These two dancing sisters were created and used by puppeteer Donald Cordry in his 1931 production of "The Dolly Sisters".* Hand carved out of wood,the faces of the two sisters are beautifully painted with bold stylized features Both marionettes have red yarn hair and are wearing hats made of ostrich feather. They are dressed in matching bright blue costumes,embellished with sequins and ruffles, beige tights, and blue high heeled shoes.
Donald Cordry (1907-1978) was a well known and highly respected American artist, craftsmen and puppeteer of the 1920s and 30s. He was gifted with a great decorative sense and his craftsmanship was extraordinary.
Born in Minnesota, Cordry attended the Minneapolis School of Art from 1924-1929 and after graduation he went to work for the Board of Education. While his main job was to lecture and teach classes, Cordy took used the opportunity to create and perform his own marionette show with both hand puppets and marionettes.
From late 1930 to early 1931 Cordry joined the Rufus Rose Company, owned by Rupert and Margo Rose that played the school and college circuit on the East coast.
In the summer of 1931 he traveled to Mexico where he developed a life long interest and dedication to the arts and landscape of Mexico. An avid collector of ethnographic material for over 40 years, Cordy amassed a large collection of indigenous Mexican arts and crafts which he meticulously documented and researched. His passion also included Native American cultures, and in the mid 1930s he worked at the Heye Museum of Indian Art in New York City where he cataloged and researched objects for the museum.
(The Smithsonian's National Museum of Natural History owns a large collection of Mexican masks donated by the Cordry family in the early 1980s.)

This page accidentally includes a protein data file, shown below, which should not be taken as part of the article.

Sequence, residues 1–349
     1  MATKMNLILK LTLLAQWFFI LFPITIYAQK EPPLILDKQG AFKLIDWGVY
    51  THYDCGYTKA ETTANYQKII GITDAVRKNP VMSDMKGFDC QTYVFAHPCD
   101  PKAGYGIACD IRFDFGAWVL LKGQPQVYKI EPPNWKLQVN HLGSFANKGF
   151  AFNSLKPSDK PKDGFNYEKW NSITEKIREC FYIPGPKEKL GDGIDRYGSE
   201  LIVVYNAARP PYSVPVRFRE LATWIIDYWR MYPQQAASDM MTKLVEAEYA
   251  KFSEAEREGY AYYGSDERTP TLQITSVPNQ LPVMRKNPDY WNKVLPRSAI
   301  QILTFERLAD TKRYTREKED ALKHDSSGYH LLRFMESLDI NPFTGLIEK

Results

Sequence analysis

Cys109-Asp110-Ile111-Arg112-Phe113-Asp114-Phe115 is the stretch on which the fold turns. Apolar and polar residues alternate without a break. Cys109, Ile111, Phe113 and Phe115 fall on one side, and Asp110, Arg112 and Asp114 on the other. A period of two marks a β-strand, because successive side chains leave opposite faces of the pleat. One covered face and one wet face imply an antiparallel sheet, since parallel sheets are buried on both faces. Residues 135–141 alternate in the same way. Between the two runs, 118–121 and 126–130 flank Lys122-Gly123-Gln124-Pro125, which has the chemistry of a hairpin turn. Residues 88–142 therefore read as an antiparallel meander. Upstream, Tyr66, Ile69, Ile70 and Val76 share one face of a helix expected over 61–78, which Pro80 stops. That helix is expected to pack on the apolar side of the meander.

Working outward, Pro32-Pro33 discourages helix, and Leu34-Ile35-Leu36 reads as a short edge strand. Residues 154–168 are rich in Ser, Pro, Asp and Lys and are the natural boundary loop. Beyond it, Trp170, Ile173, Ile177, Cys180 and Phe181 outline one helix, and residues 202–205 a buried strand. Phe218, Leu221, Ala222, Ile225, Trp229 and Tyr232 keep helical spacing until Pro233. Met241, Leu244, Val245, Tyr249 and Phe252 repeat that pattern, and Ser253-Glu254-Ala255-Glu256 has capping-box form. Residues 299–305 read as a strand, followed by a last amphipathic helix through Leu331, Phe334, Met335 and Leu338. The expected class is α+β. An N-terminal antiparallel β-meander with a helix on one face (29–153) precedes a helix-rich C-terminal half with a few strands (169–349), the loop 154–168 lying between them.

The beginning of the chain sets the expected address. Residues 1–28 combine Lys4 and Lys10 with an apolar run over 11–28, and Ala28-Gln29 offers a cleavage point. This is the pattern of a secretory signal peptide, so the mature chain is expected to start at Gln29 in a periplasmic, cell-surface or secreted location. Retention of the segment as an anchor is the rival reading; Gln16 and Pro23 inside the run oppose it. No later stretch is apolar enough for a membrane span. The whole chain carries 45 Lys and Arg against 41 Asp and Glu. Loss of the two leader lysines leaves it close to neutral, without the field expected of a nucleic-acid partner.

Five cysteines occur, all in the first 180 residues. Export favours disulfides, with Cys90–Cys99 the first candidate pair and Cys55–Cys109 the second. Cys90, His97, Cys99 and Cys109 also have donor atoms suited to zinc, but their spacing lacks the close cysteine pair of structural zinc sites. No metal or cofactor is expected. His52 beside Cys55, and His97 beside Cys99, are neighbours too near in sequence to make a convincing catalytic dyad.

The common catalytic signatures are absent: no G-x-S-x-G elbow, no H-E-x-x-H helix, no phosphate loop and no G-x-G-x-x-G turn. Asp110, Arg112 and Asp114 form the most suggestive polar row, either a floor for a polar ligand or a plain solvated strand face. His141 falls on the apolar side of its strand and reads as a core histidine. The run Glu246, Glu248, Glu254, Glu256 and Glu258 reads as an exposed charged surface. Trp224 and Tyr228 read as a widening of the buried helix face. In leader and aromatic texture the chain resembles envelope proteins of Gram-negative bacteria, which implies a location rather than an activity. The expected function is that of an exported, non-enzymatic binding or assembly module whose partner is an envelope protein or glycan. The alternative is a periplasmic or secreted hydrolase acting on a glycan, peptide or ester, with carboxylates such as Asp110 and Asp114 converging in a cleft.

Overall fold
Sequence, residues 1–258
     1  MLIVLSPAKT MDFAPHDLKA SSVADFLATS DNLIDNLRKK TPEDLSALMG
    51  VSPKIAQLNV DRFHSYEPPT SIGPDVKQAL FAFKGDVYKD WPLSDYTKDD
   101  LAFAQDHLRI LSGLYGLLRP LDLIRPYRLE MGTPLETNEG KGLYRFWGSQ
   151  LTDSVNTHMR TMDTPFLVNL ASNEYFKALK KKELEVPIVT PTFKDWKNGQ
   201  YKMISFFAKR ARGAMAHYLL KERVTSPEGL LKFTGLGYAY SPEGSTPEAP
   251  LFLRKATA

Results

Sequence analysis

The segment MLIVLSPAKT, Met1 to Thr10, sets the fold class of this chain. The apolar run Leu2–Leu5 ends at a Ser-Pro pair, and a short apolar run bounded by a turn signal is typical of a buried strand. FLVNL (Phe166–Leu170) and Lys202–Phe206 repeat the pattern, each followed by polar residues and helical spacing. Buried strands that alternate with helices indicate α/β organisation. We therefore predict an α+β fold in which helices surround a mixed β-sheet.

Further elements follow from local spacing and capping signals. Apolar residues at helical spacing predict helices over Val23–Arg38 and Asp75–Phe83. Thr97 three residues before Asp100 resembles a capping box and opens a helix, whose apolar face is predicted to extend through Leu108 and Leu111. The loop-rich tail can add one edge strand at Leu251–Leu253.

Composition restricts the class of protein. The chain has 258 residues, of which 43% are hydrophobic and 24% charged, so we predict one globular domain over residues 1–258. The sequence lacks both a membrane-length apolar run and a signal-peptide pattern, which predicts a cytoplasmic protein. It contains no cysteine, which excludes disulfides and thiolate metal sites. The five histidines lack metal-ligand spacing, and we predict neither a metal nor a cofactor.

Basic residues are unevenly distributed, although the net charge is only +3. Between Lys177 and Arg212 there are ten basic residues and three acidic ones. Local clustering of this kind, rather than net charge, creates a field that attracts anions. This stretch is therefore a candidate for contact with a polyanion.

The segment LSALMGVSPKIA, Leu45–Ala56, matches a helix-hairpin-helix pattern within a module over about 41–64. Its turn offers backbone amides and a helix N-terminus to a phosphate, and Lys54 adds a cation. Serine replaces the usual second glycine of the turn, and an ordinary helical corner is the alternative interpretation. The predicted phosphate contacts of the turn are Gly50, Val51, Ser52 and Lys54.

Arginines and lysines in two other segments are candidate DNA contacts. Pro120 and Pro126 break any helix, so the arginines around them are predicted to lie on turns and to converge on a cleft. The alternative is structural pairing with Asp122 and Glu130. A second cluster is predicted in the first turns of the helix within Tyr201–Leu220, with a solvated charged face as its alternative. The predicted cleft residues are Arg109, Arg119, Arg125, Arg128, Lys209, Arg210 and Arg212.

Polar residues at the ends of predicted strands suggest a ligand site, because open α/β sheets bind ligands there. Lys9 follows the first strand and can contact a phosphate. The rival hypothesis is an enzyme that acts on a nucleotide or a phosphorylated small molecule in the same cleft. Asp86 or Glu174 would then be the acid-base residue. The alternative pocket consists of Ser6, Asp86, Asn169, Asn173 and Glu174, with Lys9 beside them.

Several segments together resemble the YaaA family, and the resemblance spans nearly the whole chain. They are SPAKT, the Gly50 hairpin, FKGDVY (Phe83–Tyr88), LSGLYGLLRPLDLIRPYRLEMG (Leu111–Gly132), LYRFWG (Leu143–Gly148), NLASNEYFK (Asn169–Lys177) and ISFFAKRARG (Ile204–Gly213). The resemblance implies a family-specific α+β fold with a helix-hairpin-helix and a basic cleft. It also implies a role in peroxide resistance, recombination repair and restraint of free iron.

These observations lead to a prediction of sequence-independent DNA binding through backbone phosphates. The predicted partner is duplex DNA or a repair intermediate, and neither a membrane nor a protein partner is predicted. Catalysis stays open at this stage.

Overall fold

After returning to Minneapolis in late 1931, Cordy started creating his own puppets. He formed his own company and performed shows until 1934. The Dolly Sisters and the Three Wishes were popular with young and old audiences alike.
In June of 1934, Cordry moved to New York and worked with Tony Sarg, a well known and established puppeteer in his own right, and taught classes at Sarg's Summer School. Cordy made a number of puppets for Sarg and toured with his company from 1934-1936.
By 1937 poor health forced him to give up puppetry and he moved to Mexico. He did however, continue his field research on indigenous peoples and later on published two books - Mexican Indian Costumes (1968) and Mexican Masks (c1980).
"The Three WIshes" was Cordy's final production before he moved to Mexico with his wife. The puppets and sets from this production were shipped in crates to Mexico and remained there almost fifty years. In 1982, his widow Dorothy Mann Cordy donated this collections to the Smithsonian which included not only the marionettes, but props made to scale and a fully operational puppet stage.
The Dolly SIsters, identical twin sisters , were a popuylarimmigrants from and appeared frequently in vaudevillle and Ziegfield Follies.